Although there has been no coordination or alignment on programme design elements for multi-purpose cash assistance at the CWG level, there has been significant bilateral coordination and interaction between the MOSP and humanitarian actors. For example, the transfer value for multi-purpose cash assistance (MPC) is very close to the Government IDP housing support rate. However, the MPC rate was endorsed by the humanitarian community, and the MOSP later changed the IDP housing support rate to be similar. This could be because the MOSP may have used the same methodology as the humanitarian community to calculate the rate, but as the MOSP has not shared the methodology for calculating their rate or what basic needs it is intended to cover, it is impossible to say for certain.

Another important aspect of programme design is determining the frequency and duration of cash transfers. The MOSP's IDP housing assistance programme provides assistance as long as a family is registered as internally displaced, while MPC programmes are meant to only provide short-term relief and typically last for an average of three months. This leads to a lack of alignment between the duration of the two programmes.

Furthermore, programme design should also consider the eligibility criteria and qualifying conditions for receiving assistance. Initially, most humanitarian aid was directed towards IDPs, leading to overlap between government and humanitarian responses. However, as the response has progressed, assistance is increasingly going to those who did not flee conflict zones and are not covered by a dedicated government social protection programme.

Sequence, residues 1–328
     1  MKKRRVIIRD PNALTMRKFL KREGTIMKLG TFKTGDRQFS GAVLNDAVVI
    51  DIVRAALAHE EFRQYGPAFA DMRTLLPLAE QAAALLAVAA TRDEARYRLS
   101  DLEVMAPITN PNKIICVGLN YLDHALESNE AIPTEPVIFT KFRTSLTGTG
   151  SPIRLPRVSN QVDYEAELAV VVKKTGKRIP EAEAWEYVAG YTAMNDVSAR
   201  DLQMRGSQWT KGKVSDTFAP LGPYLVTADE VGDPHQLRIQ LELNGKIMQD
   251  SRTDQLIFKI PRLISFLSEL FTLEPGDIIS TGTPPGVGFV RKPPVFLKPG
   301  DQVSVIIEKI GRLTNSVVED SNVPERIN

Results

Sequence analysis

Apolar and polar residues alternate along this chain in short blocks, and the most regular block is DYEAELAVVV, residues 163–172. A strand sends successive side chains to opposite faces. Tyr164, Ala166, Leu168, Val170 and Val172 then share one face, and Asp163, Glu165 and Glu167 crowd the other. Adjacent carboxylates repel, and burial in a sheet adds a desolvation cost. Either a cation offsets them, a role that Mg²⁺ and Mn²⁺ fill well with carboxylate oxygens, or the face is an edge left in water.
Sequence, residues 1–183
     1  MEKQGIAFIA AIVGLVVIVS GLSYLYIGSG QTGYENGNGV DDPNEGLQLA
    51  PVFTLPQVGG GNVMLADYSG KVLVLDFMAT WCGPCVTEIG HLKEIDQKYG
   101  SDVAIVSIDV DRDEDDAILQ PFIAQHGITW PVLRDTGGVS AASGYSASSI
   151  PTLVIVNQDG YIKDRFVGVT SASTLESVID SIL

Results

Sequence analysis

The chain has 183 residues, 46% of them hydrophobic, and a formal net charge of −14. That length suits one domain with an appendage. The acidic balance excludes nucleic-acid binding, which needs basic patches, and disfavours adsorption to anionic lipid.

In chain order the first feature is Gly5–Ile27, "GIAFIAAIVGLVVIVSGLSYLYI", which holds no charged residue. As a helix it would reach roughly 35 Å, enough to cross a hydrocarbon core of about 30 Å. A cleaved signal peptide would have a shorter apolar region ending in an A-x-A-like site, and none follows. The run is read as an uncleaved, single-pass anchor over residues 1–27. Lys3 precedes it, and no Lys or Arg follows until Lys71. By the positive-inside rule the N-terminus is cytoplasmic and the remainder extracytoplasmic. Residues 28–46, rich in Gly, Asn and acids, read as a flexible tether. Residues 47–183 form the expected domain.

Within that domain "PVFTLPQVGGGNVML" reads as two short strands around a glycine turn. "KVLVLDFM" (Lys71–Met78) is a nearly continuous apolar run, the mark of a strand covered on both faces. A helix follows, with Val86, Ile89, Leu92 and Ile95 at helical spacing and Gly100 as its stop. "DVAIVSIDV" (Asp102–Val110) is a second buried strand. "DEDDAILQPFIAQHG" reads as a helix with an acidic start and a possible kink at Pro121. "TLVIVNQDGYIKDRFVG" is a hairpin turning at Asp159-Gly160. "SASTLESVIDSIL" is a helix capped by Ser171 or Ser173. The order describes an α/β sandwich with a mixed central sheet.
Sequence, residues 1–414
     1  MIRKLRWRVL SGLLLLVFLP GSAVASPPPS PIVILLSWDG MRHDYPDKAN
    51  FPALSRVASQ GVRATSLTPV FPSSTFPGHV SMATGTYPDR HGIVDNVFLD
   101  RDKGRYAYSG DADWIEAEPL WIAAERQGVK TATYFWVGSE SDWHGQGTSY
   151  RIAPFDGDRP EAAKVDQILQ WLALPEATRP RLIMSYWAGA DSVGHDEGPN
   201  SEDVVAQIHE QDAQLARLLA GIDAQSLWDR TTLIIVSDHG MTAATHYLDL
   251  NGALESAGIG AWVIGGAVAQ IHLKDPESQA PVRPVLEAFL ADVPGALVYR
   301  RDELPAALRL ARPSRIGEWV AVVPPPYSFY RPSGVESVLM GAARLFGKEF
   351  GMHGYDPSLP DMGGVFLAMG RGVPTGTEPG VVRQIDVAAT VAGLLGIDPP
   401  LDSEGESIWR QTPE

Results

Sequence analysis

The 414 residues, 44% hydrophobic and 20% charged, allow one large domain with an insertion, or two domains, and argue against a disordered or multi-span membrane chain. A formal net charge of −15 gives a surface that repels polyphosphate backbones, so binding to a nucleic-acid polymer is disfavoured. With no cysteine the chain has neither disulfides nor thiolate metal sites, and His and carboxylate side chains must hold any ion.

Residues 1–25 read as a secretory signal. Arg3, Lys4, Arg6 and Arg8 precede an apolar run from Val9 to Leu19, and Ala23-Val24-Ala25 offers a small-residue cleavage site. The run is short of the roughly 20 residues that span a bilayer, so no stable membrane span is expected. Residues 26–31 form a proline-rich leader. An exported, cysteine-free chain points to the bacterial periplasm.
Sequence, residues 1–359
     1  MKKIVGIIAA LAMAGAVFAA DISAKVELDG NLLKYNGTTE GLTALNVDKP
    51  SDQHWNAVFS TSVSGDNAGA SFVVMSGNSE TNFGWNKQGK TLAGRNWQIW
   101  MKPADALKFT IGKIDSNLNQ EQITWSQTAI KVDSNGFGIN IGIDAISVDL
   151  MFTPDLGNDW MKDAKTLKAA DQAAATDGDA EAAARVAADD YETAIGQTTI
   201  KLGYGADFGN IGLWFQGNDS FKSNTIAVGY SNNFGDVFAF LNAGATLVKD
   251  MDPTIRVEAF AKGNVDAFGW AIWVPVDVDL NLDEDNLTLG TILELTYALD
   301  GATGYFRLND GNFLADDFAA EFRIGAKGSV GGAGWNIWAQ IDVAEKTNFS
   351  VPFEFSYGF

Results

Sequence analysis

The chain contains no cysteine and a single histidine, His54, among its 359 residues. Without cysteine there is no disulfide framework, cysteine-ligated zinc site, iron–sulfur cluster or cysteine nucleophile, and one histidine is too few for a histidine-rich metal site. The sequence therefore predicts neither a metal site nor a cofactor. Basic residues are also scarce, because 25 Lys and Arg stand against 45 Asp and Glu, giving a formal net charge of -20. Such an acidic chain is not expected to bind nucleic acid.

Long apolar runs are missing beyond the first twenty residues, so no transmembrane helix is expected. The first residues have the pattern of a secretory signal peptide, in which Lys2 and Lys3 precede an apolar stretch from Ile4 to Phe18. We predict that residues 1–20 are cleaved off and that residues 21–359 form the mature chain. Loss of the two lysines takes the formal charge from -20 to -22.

Some humanitarian actors had access to the government's IDP database at the start of the crisis in 2022, allowing them to target households swiftly. However, there were two major drawbacks to this strategy. The first was that the government's data authorisation received from the family during registration only allowed the data to be shared with UN organizations and the Red Cross movement. This restriction prevented non-governmental organizations (NGOs) and international non-governmental organizations (INGOs) from using it, as well as UN agencies from exchanging data with their implementing partners and third-party monitors. Another issue is that the data could not be triangulated with other MOSP data since authorization to use that data had not been obtained.

To solve this issue, the MOSP created an International Organizations component into its online eDopomoga platform. Because data privacy rules prohibit the release of individually identifiable data without the informed consent of the resident, eDopomoga's International Organizations component is needed to target humanitarian aid using the Unified Social Register. Persons living/staying in Ukraine's temporarily occupied, de-occupied, or active hostilities zones, as well as those identified in the Unified Information Database on Internally Displaced Persons, may use the system to seek financial assistance from international organizations and provide the necessary consent.